shank top

Or get busy dyin' . . . Patrick Robinson as the Shank's resident procurer of contraband, Ellis 'Red' Redding. Pictures: Mark Yeoman

The Shawshank Redemption

The New Alexandra Theatre


YOU can read the book, watch the film and now, see the play and it is perhaps on stage where our hero, of sorts, Andy Dufresne, has his most difficult time in the Shawshank Maximum Security Penitentiary in rural Maine.

Not that Owen O’Neill and Dave Johns have not done a good job in their stage adaptation, going back to the original 1982 Stephen King novella Rita Hayworth and the Shawshank redemption rather than adapting the 1994 film, but it is simply much harder to depict a prison drama within the confines of a theatre.

The written word, in King’s sparse direct style, allied to the reader’s imagination makes the pages come alive, the film with its scope for massed inmates, close ups, prison grime and sinister threats along with its outside scenes, provides an avenue into gritty realism and both explore the developing relationships between the main characters over a period of 20 years.

With a cast of 12 the feelings of overcrowding, oppression and confinement, of hopelessness and underlying violence are hard to create and, on stage, the feeling of time passing, years slipping away is elusive, particularly as no one ages from first day to last. So to an extent it comes down to a black and white tale, a simplified story of goodies and baddies.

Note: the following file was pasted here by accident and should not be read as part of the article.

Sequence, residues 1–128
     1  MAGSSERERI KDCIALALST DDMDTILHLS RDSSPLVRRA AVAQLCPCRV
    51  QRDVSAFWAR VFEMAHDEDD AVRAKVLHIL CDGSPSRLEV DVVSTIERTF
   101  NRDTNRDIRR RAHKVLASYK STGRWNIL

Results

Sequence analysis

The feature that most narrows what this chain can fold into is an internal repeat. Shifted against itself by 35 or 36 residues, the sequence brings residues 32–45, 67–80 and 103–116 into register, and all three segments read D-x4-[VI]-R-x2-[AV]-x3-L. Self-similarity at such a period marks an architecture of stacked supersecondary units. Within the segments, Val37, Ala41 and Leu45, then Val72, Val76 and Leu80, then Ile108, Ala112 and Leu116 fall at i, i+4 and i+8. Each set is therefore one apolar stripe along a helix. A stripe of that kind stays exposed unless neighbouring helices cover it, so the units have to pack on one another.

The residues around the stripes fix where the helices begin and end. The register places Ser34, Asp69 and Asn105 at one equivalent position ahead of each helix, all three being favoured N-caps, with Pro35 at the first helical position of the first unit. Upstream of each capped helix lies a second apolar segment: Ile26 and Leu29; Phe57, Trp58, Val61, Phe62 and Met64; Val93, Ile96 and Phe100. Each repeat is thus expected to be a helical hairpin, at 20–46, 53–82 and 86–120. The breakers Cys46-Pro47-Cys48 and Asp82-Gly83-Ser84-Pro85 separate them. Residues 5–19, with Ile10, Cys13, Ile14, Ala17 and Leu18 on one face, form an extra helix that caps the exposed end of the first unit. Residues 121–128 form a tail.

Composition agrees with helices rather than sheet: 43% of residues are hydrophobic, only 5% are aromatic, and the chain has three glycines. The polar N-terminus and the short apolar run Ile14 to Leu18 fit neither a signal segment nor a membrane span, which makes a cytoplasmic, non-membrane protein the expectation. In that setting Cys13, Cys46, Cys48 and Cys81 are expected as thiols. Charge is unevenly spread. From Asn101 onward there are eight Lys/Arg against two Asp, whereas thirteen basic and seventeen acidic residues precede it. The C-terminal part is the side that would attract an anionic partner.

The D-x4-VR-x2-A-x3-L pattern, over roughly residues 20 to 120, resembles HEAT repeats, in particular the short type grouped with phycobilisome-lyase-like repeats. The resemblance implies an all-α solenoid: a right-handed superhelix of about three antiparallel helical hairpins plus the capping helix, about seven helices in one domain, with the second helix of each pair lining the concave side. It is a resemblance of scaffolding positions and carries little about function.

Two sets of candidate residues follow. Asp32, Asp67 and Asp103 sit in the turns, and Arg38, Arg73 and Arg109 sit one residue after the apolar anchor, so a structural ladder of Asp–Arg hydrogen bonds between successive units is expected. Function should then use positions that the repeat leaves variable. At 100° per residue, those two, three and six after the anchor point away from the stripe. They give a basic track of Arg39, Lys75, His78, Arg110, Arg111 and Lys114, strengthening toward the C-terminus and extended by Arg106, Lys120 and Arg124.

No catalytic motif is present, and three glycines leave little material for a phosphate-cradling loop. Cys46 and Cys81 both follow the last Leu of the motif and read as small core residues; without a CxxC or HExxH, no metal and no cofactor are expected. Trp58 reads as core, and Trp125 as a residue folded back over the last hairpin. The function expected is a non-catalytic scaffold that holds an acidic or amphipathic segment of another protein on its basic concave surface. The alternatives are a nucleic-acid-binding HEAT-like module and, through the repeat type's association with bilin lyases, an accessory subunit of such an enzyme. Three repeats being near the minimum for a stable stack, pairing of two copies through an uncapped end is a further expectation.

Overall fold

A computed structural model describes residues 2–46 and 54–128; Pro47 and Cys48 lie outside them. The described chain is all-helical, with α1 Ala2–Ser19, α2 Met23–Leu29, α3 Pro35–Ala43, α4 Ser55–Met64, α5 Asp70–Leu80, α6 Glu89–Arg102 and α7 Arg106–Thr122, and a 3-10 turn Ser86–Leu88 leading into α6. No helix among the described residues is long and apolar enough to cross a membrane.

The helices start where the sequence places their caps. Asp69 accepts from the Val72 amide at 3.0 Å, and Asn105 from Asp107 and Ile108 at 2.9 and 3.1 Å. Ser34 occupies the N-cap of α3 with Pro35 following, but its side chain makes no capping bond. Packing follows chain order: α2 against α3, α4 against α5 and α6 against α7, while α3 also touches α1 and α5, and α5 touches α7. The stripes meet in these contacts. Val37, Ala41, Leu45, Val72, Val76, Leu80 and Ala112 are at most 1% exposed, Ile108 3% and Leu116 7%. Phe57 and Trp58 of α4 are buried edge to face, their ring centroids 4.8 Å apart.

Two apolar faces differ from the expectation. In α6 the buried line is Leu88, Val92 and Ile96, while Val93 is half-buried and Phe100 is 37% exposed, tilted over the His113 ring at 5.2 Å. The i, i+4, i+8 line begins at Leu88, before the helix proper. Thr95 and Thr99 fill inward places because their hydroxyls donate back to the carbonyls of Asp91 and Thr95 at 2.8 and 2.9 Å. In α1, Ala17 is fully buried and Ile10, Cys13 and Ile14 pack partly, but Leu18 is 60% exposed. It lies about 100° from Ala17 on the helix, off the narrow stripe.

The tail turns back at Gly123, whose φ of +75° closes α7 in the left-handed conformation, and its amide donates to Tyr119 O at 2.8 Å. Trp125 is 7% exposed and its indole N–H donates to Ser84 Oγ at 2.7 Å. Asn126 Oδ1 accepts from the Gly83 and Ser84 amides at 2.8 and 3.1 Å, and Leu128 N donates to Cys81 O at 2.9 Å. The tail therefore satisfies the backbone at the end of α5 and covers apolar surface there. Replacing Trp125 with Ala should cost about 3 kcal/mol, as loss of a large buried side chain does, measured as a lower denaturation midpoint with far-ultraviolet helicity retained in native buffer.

Which is not to say this is not a good prison drama, it is, and for anyone who has never seen the film, it is a very watchable production with an unexpected twist, Red and ANdybut for anyone going along to make comparisons it is always going to have a lot to live up to.

The good guys, although with all three convicted of double murders, good is a relative term in prison, are led by Andy Dufresne, a banker convicted of killing his wife and her lover, played with a quiet determination and studied lack of emotion by TV regular Ian Kelsey. He proclaims innocence, despite evidence against him, but as time progresses we find he at least has a case that he has been wrongly convicted.

Red and his friend Andy Dufresne, an innocent man wrongly serving life who refuses to give up hope

Then there is Red, played by another TV favourite, Patrick Robinson. He is a fixer, a smuggler, a man who can obtain anything, within reason and at a price. The banker and the smuggler seem an unlikely pairing but slowly they form a bond that becomes the spine of the story.

Brooksie, played by Ian Barritt, is the old lag, the trustee, who runs the library, a few books on a trolley, a man so institutionalised he will never be able to cope on the outside as we are to discover.

Leading the baddies we have the Bible thumping man of god - and mammon - prison boss, Warden Stammas, played with a sinister, slimy sneer by writer O’Neill. The Bible might be the good book but his ledger of illicit fiddles and kickbacks is even better.